Behind the scenes, billers manage the revenue cycle. They will handle insurance claims and check for correct documentation, monitor incoming payments from insurance providers, and create billing statements for patients. They need practitioners to send bills in a timely fashion, so it’s easiest if your EHR can auto-generate bills when a provider documents an appointment. This speeds the billing process along.
Insurance companies can be slow to pay. An effective billing team will monitor overdue claims and practice diligence in following up. They’ll need an eye for detail (and strong filters in the EHR) so that bills aren’t submitted with mistakes or missing information. Although many practices use separate billing software and practice management solutions, an all-in-one EHR will save billers the most time.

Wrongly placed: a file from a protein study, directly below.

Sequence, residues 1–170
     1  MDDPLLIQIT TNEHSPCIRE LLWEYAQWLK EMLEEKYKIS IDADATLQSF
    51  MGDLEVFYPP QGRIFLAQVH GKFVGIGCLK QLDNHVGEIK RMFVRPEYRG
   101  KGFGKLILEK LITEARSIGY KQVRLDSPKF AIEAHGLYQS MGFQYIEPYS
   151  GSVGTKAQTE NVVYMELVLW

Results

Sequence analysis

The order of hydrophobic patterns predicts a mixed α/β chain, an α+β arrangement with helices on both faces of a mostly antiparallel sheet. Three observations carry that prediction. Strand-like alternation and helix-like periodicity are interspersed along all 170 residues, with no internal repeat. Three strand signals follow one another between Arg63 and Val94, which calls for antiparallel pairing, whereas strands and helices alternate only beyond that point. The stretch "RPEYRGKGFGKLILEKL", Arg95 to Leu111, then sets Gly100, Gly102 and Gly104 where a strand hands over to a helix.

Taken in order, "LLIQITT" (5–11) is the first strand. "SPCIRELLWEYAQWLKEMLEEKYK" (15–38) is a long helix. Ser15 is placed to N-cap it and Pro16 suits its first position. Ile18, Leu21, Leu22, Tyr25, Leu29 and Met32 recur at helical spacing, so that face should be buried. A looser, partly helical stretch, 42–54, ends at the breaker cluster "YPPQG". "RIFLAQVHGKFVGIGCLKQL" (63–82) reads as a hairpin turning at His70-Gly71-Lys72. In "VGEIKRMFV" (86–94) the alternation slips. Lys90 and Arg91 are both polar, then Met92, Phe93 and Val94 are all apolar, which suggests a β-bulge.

When the back office bills patients, they’ll need a clear avenue for communication. Some practices use patient portal alerts to advise a patient of their bill, some still send paper copies via mail.
With so many individuals caring for patients and managing accounts across roles at a behavioral health group practice, a robust EHR system is critical for success practices.
If you have separate software for features like billing, telehealth, patient portals, or others, you’ll need smooth, bidirectional integration for best results.
Or, consider switching to an EHR that offers all the features you need in one package. You can manage the entire revenue lifecycle front-to-back, from a patient’s first phone call to their last bill, with all-in-one software. This drastically cuts down on the opportunity for miscommunication at your group practice.
How Valant Can Help
Valant software delivers a full suite of interconnected functions built specifically for behavioral health practices. Effortless communication between patient profiles, scheduling, documentation, billing, and more keep your practice orderly and efficient.
Contact Valant today to learn how we can help your group practice.